I met with a family last week and we spent time talking about the SHSAT. While the test isn’t until October (November for some), I wanted to put some thoughts out there both about getting ready for the test and the test itself.
The test was revamped a couple of years ago and is now 114 questions, up from 95. Those questions are evenly split between math and ELA (the section formerly known as English). 20 of those questions, 10 on each side, are field test questions and won’t count towards final scores. Scrambled paragraphs and logic questions are no longer. The test is now supposed to align more the common core (although they only changed the content of the ELA side, math remained the same). The test is now 3 hours, up from 2.5.
There are, in fact, some more fine tuning changes for this year:
The test is a lot. Test prep helps.
People choose all different ways to handle test prep. Some kids do best in courses with other students, some with one on one tutors, still others prep on their own with test prep books. Some kids start prepping years ahead, others work in the few weeks before the test. It all depends on what works best for your child and your family. But, if the SHSAT is something you’re even considering, if you haven’t already worked out details, you might consider figuring out how you want to approach it now, rather than in the fall when the crunch of touring kicks in. In the High School 411 handbook, and on the website, are tutors and test prep companies that have been vetted by me and HS411 families.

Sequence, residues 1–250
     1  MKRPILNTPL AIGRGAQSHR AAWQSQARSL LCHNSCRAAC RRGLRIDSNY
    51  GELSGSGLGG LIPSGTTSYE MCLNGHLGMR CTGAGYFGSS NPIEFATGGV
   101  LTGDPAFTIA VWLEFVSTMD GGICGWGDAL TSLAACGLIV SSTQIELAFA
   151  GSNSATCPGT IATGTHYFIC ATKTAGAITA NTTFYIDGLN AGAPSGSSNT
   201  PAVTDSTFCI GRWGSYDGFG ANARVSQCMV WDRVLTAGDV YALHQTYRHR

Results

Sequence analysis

What I found with my kids and many, many others is that practice makes all the difference. Familiarity with the test itself. Learning how to keep track of time. How to let go of a question you’re struggling with and how to keep track of going back later. TIME MANAGEMENT. Taking practice tests. Getting comfortable with the format. A silver lining in all this, along with possibly earning a spot at a specialized high school, is that this is remarkable practice for the SAT/ACTs. My son is a junior at the moment and watching him do SAT prep is remarkably like SHSAT prep - he easily got back in the prep groove and those skills he honed in 8th grade are serving him well now.